When you purchase a hearing instrument from L.A.C. you are placing your trust in us to care for all your hearing needs. We are proud to be your partner. When you take this first step, you are committing to improving your quality of life with better hearing. Our goal is to help you through this transition of learning to hear with your new hearing aids. Remember, better hearing cannot just be purchased, it must also be learned.
Here are some helpful tips for Learning to Hear Again:
Step 1. Wear Your Hearing Aids. Make a commitment to wear your hearing aids everyday, even if it is for a short while. At first, you may be aware of them and your own voice may sound different, but the more you wear them, the quicker you adjust. Please note there is a difference between being aware of your hearing aids and being uncomfortable. If you have any discomfort don’t “put up with it.” Contact our office for an appointment immediately.
Step 2: Give Yourself Time to Discover. When fitted with new hearing aids, initially people often find things “tinny”, “noisy, “too loud” or “ unnatural”. Your brain is learning to recognize sounds you have been missing. These sounds will help to improve your speech comprehension, but only if you wear your hearing aids consistently. Understanding occurs in your brain, not in your ears. It can take from several weeks to several months for your brain to recognize and use these new sounds.This learning curve can be challenging but success will come with patience, practise and commitment.
Step 3: Practise Being an Effective Listener. When wearing your hearing aids it will be easier to hear in both quiet and noisy situations but there will be times you still have difficulty. Be patient with yourself. Inform people of your hearing loss. Pay attention to people’s faces and gestures. Ask people to come closer and look directly at you when speaking. Rephrase what you have heard to verify the topic.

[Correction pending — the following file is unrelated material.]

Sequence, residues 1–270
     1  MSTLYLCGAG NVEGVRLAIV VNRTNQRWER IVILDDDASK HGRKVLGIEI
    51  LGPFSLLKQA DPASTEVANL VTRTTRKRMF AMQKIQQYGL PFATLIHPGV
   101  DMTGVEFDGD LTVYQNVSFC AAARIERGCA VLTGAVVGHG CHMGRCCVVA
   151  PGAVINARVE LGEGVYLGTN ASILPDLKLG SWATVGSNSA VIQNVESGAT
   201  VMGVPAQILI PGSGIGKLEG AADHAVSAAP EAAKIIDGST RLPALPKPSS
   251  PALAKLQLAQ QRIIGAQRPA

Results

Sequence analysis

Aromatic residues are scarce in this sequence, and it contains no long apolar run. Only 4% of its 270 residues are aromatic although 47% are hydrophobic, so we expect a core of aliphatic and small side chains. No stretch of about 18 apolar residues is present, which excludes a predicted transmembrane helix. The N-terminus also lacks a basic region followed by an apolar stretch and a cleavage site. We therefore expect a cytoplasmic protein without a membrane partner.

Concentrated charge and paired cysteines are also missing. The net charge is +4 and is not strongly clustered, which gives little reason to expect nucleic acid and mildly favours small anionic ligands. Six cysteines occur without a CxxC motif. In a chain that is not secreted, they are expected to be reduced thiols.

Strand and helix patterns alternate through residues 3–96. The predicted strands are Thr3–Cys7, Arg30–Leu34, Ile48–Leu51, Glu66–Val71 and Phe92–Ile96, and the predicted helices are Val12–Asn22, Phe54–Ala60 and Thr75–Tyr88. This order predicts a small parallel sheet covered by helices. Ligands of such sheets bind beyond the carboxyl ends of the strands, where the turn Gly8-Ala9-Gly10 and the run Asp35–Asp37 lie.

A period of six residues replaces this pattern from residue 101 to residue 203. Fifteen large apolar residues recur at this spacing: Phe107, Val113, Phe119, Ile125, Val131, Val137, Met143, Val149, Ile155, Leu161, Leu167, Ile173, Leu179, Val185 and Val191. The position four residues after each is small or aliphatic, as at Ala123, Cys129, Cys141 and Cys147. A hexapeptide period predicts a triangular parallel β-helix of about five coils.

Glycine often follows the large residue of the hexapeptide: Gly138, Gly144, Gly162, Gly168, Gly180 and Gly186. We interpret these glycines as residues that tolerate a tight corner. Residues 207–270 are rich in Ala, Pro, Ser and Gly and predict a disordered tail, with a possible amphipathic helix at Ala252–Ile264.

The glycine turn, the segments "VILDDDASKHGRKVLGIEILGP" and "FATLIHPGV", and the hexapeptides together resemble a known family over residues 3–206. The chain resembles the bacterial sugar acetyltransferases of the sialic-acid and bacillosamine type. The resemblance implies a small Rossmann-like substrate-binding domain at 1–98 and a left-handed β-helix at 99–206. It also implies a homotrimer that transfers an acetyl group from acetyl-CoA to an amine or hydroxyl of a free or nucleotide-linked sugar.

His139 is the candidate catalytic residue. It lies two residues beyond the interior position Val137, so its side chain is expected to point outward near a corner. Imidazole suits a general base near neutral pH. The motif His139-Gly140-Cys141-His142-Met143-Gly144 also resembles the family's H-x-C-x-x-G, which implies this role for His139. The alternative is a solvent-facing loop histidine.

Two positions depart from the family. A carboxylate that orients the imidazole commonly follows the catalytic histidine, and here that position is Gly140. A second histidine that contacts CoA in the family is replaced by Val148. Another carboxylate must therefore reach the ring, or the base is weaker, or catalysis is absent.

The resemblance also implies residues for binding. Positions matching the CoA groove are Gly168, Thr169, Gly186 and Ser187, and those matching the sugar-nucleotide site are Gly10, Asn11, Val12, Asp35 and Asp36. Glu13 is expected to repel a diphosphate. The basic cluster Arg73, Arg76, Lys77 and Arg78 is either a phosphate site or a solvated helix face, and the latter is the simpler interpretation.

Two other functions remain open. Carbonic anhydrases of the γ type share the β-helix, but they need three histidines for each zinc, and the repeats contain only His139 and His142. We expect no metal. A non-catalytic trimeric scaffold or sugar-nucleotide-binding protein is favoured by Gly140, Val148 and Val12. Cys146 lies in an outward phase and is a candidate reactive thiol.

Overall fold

Step 4: Living With the Noise Around Us. The world is full of sounds. These sounds have meaning and help us with awareness and communication. Sometimes we interpret these sounds as noise and are unwanted as they interfere with what we want to hear. Unfortunately, we cannot eliminate these sounds. When you first start wearing hearing aids, you may hear environmental sounds that you don’t recognize and find bothersome. Identify these sounds so when you hear them again, you can chose to listen to them or ignore them. When listening in noise, move as far away from the noise as possible. Turn off the TV, radio or anything else that might be interfering with your ability to hear. Decrease the distance between you and who you want to hear.
Step 5: Taking Part in Discussions. Even people with good hearing have difficulty understanding speech if several people speak at once. Be open, tell people you have trouble hearing. Don’t be reluctant to ask people to look at you when they are speaking. Focus on the speaker and ask for repeats if you don’t hear it the first time, or ask them to repeat it in a different way. Turn off as much background sound as you can and ask family and friends to do the same.